Jennifer Schnidman Medbery knew that teaching math at a New Orleans charter school would be tough, even though the school, Sci Academy, had attracted a "dream team" staff. What surprised her was that the most challenging aspect of the job wasn't connecting with the kids, so much as it was keeping track of their progress and behavior on a day-to-day basis.
So Schnidman Medbery, who studied computer science at Columbia University before spending two years with Teach for America in rural Arkansas, decided to create software to help teachers track and analyze student performance.
First, she built a prototype for a discipline-tracking tool because "that was a pain-point at Sci," and the school offered to pay for the software once it was built. "As soon as it was put into place, a number of other high-performing schools contacted me," says Schnidman.
In 2009, Tulane MBA students helped her write a business plan, which she submitted to the university's business plan competition, as well as to contests at the University of Pennsylvania and Idea Village, an incubator in New Orleans. Schnidman Medbery's business, Drop the Chalk, won all three.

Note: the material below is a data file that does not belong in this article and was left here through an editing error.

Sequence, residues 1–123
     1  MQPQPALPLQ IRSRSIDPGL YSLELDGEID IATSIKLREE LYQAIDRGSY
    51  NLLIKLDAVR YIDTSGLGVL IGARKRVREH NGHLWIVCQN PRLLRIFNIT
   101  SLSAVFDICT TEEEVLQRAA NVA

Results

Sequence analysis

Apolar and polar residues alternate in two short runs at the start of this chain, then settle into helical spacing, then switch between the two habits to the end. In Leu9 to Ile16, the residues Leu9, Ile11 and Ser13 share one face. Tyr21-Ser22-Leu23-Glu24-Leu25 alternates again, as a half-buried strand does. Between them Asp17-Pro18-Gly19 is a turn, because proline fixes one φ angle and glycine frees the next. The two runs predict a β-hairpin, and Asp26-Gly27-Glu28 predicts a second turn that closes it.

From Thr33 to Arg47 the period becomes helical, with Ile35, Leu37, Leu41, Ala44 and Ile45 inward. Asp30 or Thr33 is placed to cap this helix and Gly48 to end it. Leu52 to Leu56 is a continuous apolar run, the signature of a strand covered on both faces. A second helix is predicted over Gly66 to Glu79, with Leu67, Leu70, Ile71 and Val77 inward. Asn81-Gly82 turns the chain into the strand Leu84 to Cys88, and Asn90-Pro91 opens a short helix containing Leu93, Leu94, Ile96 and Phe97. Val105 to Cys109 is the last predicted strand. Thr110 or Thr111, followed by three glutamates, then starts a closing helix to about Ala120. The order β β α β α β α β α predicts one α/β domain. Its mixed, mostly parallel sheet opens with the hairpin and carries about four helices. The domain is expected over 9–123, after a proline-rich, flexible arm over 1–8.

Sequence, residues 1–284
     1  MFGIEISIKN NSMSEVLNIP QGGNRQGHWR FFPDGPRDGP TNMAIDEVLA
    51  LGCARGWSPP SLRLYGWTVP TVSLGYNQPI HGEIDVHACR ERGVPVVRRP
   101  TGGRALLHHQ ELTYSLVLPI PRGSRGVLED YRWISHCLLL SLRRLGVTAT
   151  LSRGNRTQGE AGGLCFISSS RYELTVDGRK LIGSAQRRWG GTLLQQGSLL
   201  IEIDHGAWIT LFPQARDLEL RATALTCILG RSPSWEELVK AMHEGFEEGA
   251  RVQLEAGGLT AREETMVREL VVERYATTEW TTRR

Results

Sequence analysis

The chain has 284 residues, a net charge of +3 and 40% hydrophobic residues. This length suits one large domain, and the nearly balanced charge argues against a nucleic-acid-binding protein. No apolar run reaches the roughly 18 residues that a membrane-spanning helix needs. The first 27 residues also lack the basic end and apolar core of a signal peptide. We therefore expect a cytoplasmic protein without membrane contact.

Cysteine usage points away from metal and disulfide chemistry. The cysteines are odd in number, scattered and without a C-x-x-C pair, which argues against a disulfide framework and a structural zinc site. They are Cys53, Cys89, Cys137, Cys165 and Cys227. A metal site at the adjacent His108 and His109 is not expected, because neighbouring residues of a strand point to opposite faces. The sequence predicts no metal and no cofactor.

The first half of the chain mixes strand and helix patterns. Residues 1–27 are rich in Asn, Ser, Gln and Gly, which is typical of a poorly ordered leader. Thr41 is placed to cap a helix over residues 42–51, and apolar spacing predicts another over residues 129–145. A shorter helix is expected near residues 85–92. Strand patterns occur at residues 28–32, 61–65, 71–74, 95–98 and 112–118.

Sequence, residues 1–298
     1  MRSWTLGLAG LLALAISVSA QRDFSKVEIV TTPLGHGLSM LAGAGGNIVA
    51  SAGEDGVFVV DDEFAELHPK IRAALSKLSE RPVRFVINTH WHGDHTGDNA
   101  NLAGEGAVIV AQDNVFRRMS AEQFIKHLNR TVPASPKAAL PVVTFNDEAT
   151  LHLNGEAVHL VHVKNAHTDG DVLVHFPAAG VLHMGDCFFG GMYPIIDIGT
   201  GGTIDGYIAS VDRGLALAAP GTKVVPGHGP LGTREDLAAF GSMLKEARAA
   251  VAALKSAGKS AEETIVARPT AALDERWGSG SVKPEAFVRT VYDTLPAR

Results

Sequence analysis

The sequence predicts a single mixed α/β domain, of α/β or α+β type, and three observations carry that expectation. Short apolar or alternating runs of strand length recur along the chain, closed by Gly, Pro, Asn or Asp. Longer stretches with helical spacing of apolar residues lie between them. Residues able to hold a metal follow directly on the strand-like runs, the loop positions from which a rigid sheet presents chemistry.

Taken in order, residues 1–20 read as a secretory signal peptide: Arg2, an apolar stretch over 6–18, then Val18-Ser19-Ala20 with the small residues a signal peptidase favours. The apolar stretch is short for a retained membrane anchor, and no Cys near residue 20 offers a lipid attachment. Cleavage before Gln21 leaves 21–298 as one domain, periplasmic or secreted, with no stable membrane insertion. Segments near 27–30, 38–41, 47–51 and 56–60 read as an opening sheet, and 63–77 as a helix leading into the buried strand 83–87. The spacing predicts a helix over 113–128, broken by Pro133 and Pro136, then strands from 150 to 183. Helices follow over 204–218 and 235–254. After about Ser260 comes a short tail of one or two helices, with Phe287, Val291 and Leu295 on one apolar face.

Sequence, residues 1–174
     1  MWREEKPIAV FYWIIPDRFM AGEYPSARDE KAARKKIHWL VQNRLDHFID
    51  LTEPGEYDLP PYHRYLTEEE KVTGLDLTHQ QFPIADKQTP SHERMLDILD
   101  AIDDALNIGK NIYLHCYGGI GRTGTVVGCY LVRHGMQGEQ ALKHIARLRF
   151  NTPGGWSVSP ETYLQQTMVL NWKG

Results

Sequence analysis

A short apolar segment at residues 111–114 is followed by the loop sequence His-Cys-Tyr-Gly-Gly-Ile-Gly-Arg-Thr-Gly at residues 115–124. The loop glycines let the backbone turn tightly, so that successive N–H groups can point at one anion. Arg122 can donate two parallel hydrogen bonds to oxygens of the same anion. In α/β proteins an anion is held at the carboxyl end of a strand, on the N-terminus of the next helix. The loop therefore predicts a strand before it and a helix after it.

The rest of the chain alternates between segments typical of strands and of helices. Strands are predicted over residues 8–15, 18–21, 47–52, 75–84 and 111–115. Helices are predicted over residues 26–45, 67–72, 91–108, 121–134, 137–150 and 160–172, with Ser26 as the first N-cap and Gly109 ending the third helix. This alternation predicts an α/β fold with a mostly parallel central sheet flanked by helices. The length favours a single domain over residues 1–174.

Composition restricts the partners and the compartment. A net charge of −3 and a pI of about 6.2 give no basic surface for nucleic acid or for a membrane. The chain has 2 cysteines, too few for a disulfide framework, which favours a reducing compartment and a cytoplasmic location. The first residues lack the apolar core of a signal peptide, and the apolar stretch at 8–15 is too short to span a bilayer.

That software, called Kickboard, allows teachers to make notes about their students throughout the day, noting, for example, discipline problems, difficulty in grasping key concepts, and positive behavior as well. They can also view their colleagues' observations about the same kids. The software then analyzes the data and searches for patterns that help teachers improve student performance. It also includes a points-based system to help teachers determine which students qualify for rewards, and which ones should, say, get detention. A student/parent portal is currently in development.
Kickboard is currently running in 15 New Orleans charter schools. It's serving as an incubator for Schnidman Medbery, who calls New Orleans "the epicenter of education reform." She is now in the midst of raising $750,000 from investors. "We've had 100 percent customer retention for the past year," she says. "Next year, we want to expand to work with both charters and traditional district schools in other urban regions." Is she concerned about possible pushback from teachers' unions? "It's our goal to prove that the system is not more work for teachers and to change the relationship with unions," she says. "We see our product as a tool that allows teachers to prove that they’re effective long before test scores come back."